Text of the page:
The Spirit is Good (7)
But the fruit of the Spirit is love… Galatians 5.22
Therefore be imitators of God as dear children. And walk in love, as Christ also has loved us and given Himself for us, an offering and a sacrifice to God for a sweet-smelling aroma. Ephesians 5.1, 2
No argument here
Advance the proposition in polite conversation that love is a good thing, and you’re not likely to meet with many objections.
We may define love differently, and seek it along divergent avenues, but we know it when we see it, and we’d all like to see more of it than we do.
People have always known that love is a good thing. Great works of art and literature enshrine the importance of love. In our lifetime, love has been the driving force of pop culture. Think of the lines from songs: “What the world needs now is love, sweet love.” “All you need is love.” “Don’t you want somebody to love?” “Love makes the world go ‘round.” Love factors into the themes of widely-acclaimed films and the most popular television programs. Consider the many ways advertisers use love to sell products.
People don’t all agree on what they mean by the term, or how love ought to be expressed, or for what, but most people will concur with the proposition that love is a good thing.
The problem, of course, is that love, in its purest and most urgently needed form, is a rare fruit, and it does not grow naturally on the branches of human nature.
The fruit of the Spirit
The reason love is listed first of the fruit of the Spirit is because God Himself is love, and He understands our need for love. Through most of our lives we waste the desire for love by consuming it upon ourselves. Love as we know it naturally is mere self-love, and all the various other forms of love we practice are made to serve this basic form.
The kind of love that denies self and seeks the edification and wellbeing of others is most rare, and most needed. It grows on branches which blossom from beyond this world, and beyond our own natures.
And this is what makes the Holy Spirit so good as a manifestation of the goodness of God. For the fruit of the Spirit is love, and when we walk in the Spirit, we find the power from beyond our selves to know and express the love this world so desperately needs.
The Spirit empowers us to love
Love – the love which Christ embodies and communicates – is the great need of our day, the greatest expression of the goodness of God. God has sent His Spirit to abide with us and to dwell in us so that He might bring forth the fruit of divine love in us, and thus unlock the power of grace to restore all things to the Father.
How does the Spirit accomplish this work within us? How does He bear His fruit of love for the life of the world?
First, the Spirit teaches us the true nature of love. Throughout the Word of God, the Spirit provides examples of love, definitions of love, parables designed to illustrate love, songs and prayers to express love, and, above all, the Person of our Lord Jesus Christ to embody love. We cannot know true love apart from being taught by the Spirit. Love is what God does, and what the Spirit empowers us to do in imitation of Jesus Christ. All other forms of love must line behind this Spirit-taught form, or else they will corrupt into just another form of natural self-love. Our duty is to read and study the Bible with a view to learning love as God defines it, and not just as we might think it should be.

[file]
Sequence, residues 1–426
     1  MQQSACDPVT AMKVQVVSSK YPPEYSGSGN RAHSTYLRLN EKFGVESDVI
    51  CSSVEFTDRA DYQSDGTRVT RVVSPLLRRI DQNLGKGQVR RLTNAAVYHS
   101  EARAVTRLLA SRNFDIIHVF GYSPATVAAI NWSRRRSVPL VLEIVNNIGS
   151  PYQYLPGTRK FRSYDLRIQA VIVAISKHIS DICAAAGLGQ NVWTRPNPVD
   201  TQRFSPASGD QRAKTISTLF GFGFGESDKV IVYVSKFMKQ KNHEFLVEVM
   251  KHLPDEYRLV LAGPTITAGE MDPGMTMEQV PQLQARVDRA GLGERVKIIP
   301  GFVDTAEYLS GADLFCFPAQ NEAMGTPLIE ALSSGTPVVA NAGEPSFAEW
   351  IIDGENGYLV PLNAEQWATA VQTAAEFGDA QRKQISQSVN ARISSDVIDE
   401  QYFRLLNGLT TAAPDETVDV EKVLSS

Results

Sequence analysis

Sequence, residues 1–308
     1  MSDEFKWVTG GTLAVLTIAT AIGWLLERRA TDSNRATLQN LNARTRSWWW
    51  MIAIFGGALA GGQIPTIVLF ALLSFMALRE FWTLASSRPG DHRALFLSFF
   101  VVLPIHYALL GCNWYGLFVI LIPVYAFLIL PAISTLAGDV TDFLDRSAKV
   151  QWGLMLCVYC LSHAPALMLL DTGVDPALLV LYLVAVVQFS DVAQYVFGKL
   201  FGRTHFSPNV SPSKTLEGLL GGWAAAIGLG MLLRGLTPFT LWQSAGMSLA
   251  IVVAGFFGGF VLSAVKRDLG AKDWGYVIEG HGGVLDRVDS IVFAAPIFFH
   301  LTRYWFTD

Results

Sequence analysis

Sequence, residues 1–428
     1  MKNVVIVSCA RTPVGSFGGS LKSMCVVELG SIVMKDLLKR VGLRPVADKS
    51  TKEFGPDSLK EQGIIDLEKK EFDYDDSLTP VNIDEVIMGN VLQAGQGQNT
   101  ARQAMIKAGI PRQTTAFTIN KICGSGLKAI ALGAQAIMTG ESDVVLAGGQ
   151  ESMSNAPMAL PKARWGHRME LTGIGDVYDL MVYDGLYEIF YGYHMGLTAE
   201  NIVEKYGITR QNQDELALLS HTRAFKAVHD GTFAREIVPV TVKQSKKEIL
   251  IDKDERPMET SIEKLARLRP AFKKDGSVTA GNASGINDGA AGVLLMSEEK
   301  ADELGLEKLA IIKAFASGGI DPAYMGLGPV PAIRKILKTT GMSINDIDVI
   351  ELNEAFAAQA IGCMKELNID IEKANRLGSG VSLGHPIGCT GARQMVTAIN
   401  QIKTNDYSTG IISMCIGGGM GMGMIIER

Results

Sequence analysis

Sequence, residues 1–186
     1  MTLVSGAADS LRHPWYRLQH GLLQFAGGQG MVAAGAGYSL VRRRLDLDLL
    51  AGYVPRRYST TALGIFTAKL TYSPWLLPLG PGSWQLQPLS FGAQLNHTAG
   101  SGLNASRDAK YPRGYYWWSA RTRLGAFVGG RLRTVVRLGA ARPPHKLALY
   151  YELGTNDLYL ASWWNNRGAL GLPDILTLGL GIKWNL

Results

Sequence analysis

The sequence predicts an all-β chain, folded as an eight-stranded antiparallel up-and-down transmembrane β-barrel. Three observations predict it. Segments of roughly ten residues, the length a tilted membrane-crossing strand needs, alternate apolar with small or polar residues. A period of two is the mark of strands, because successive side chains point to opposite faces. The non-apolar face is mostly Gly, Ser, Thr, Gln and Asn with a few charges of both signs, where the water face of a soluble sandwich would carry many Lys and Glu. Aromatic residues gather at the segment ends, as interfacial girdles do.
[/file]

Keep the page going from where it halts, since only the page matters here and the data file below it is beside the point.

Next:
Second, the Spirit allows us to see others with the mind of Christ. That is, He works in us so that we think about the needs of others (Phil. 2.1-11), pay attention to their troubles and trials, and prepare for the opportunities the Spirit will give us for showing love (Eph. 5.15-17; Ps. 90.12, 16, 17). Our duty here is to wait on the Spirit in prayer, that He may search us, nurturing His love in our minds and hearts, and leading us to prepare for the day ahead, and even the next moment, so that we are ready to love.
Third, the Spirit directs us to the next step of love when opportunities for love arise, and He empowers us to take that step, even though it may be unfamiliar or risky. If we are truly walking in the Spirit, maintaining communion with Him according to His Word, then when He wants us to reach out to someone in love, and He piques or provokes us to take some step of obedience, we will hear Him, and we can call on Him to empower us for that step, which we take in obedient faith.
Finally, the Spirit firms up the presence of love in our soul with every act of obedient love, so that we become more like Christ, and are more inclined to love by our new nature rather by the old nature which seeks only the self.
We often hear people say that we are made for love. That’s true: We are made to know the love of God in Jesus Christ, and to live in that love by His always-present Spirit. But not only are we made for love; we are made tolove, and we will not fulfill this purpose unless we are indwelled by and filled with the Spirit of God to walk in His ways. For the Spirit of God is the key to love, that most precious gem of God’s goodness.
1. How do people use the word love in our day? Is this a good thing? Why or why not? What seems to be the standard meaning people are defaulting to when they love?
2. Why is love the most needed aspect of the goodness of God?
3. How can you rely more consistently on the Spirit of God to bring forth His fruit of love in your life?
Next steps – Conversation: What are the greatest obstacles to knowing and expressing more of God’s love? How can Christians help one another overcome these? Talk with some Christian friends about this.
T. M. Moore
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Except as indicated, Scripture taken from the New King James Version. © Copyright 1982 by Thomas Nelson, Inc. Used by permission. All rights reserved.